18. I like the work done on this site, in general, but the terminology being used in this article is a bit suspect. “U.S. gold demand was 212 metric tons versus an estimated 150 metric tons this year.” This does not translate into a deficit. All this means is that total demand exceeded expectations. Hence we would have expected the price of gold to increase to bring demand and supply back into equilibrium, all other things being equal. And surprise! This is exactly what we saw as price moved roughly from 1175 to 1275. The rest of the analysis seems speculative at best.

    • Bob M.

      Why don’t you do yourself a favor so you don’t look silly and READ THE ENTIRE ARTICLE fer pete sakes… LOL. If you read the entire article and look at all the FIGURES in the nice charts, you would see that it adds up to a DEFICIT.

      Please try again.

      steve

      • I read it and I get your reasoning. But it doesn’t mean that it isn’t “speculative” or plain old wrong. I won’t be the final arbiter of that because once the first logical fallacy is injected into the discussion, it calls into question the remainder. I get your math, you added the reported supplies and demands of metals and found that they don’t add up. My point is this: so what? Price always adjusts to bring supply and demand back into equilibrium.

        Next consider the accuracy of reported numbers. I trust private industry numbers far more than government, but they are subject to error. Does that account for the -76? Does your methodology?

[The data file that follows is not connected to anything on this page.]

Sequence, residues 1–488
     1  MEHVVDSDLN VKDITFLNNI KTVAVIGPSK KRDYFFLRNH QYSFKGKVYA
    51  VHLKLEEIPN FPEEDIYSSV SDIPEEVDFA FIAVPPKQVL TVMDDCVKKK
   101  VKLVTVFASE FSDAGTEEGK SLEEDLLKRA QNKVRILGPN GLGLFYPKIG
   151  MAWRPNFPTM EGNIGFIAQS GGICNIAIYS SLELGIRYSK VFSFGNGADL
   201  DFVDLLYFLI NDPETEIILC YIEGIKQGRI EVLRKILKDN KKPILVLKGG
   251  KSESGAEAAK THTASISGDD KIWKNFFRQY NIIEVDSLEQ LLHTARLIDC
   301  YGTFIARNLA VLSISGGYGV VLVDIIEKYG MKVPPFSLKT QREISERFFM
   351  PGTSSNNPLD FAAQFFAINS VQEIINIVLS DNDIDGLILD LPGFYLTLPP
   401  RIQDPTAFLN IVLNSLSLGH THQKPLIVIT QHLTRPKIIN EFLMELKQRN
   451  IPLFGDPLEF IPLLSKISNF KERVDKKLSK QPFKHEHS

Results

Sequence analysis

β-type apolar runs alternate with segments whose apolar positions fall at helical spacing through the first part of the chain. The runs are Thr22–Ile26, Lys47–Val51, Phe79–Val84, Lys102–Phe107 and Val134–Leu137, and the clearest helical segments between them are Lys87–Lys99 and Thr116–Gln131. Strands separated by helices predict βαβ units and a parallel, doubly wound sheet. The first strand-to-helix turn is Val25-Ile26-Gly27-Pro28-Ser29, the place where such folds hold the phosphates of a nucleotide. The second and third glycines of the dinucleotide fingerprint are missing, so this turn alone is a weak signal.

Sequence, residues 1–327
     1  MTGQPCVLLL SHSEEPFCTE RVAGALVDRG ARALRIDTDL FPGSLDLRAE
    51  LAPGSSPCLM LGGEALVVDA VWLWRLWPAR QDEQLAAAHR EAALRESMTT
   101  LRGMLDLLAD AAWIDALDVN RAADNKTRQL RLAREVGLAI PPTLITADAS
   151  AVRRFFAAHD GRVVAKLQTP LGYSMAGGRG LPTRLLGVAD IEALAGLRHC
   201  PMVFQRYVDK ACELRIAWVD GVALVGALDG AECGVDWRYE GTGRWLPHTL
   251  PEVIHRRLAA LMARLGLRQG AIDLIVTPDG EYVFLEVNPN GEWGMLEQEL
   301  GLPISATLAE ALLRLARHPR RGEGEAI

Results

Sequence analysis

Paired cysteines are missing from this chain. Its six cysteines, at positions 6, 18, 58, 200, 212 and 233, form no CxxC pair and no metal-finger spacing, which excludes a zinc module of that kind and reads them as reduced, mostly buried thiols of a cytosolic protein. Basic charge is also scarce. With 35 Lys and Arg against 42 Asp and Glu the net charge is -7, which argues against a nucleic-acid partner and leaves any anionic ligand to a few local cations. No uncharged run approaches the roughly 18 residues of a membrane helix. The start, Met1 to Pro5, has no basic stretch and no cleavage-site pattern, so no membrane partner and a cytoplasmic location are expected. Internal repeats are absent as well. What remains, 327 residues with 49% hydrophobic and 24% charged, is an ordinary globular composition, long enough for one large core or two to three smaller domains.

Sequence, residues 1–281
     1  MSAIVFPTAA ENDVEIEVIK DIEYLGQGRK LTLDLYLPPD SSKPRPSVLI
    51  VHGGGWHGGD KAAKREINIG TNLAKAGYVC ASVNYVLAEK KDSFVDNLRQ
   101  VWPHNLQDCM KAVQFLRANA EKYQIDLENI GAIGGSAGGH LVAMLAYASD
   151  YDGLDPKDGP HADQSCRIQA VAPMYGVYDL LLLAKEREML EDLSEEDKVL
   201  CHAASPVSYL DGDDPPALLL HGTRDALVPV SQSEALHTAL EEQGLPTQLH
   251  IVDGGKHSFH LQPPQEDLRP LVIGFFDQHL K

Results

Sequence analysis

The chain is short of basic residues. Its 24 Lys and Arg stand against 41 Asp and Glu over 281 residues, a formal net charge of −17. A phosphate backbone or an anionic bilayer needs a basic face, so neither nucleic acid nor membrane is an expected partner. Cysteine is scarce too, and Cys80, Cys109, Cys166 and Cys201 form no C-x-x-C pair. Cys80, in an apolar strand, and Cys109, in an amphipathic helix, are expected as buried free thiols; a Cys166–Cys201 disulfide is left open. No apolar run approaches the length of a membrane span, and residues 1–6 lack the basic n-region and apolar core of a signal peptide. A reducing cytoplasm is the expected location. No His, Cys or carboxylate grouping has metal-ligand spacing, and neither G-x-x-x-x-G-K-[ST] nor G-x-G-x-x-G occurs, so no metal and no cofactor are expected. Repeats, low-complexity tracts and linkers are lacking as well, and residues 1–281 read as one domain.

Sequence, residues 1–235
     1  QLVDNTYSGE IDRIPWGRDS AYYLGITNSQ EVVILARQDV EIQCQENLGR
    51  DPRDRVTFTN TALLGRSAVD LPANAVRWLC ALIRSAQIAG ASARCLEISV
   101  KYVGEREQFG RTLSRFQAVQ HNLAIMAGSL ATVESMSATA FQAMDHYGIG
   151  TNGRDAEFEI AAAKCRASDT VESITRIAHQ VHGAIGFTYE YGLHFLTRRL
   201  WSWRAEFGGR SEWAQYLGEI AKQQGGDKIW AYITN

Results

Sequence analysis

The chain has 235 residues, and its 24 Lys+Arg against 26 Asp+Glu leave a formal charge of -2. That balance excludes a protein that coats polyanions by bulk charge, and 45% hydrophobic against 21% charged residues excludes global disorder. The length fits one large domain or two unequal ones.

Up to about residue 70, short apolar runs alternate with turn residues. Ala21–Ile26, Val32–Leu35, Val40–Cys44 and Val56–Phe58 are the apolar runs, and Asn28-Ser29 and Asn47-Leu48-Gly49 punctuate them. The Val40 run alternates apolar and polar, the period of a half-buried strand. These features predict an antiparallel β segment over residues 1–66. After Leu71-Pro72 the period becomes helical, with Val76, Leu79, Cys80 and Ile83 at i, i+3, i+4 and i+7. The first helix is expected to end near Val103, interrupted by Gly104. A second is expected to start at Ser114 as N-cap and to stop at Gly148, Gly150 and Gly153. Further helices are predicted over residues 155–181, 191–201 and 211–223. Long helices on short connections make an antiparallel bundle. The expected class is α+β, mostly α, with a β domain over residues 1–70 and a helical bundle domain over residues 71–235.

Again I say it’s irrelevant as the market drives the price (as manipulated as it is, there is an underlying fundamental otherwise we’d see gold at 5000 now). Price increases as a response to demand. That’s all you need to know. The laws of economics have not been rescinded, just bastardized by the Fed and their bankers.

  19. Thank you Steve
    for all your hard work and brilliant analysis.
    Oil will probably go to $70 a barrel by the end of January and I expect the price of silver and gold to follow suit after the surplus oil in storage is used up.
    This will give us a ratio of oil price to the price of gold and price of silver.
    This assumption is based on what I have learned from you and Gail Tverberg and Chris Martenson.
    Have I erred? If so please help me make my perception adjustment.

    • R.Frank,

      While the price of oil may indeed reach $70 by the end of the month, there are TREMENDOUS FORCES suggesting lower prices will prevail. Here is a chart on the record amount of COMMERCIAL SHORTS in oil:

      Right before the oil price fell from $105 in 2014, the Commercials had built up short positions of 500,000. However, as of the last COT REPORT, the Commercials now hold 648,000 short positions. So, it looks as if we are going to see a quick move lower for the price of oil within the next 2-4 weeks.

      steve